We hear a lot about how much Arabs resent early 20th century "Western imperialism," but tend to forget that the (decidedly non-Arab) Ottoman Turks ruled the Arabs (including South Syria, the area that became Mandatory Palestine after WWI) for hundreds of years. Via lgf, Mark Steyn relates that fact to contemporary Arab states' reaction to the Israel-Party of God (Hezbollah) war:
But Saudi-Egyptian-Jordanian opportunism on Palestine has caught up with them: It's finally dawned on them that a strategy of consciously avoiding resolution of the "Palestinian question" has helped deliver Gaza, and Lebanon and Syria, into the hands of a regime that's a far bigger threat to the Arab world than the Zionist Entity. Cairo and Co. grew so accustomed to whining about the Palestinian pseudo-crisis decade in decade out that it never occurred to them that they might face a real crisis one day: a Middle East dominated by an apocalyptic Iran and its local enforcers, in which Arab self-rule turns out to have been a mere interlude between the Ottoman sultans and the eternal eclipse of a Persian nuclear umbrella.On a marginally related note, it turns out that even in Israel, anti-Israel sentiment is tied into anti-American sentiment, as evidence by this Ha'aretz report on an anti-War demonstration in Tel Aviv attended by Jewish and Arab leftists, communists, etc.:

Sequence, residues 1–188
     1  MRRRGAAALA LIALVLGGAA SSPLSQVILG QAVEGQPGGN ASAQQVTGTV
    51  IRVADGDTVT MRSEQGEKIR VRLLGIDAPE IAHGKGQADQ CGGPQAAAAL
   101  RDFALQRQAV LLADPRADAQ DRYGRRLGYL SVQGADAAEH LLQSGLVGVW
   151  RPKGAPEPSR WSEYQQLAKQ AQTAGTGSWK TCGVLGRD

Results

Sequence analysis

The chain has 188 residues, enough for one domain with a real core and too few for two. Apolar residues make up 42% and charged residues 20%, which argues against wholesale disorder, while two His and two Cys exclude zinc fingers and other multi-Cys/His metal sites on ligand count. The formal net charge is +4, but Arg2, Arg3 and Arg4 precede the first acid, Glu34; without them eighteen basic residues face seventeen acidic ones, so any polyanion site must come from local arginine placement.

The rally, which received wide international press coverage, had a theme unfamiliar from previous demonstrations here. Beside the usual calls for the prime minister and defense minister to resign, this was a distinctly anti-American protest. Alongside chants of "We will not kill, we will not die in the name of Zionism" there were chants of "We will not die and will not kill in the service of the United States," and slogans condemning President George W. Bush.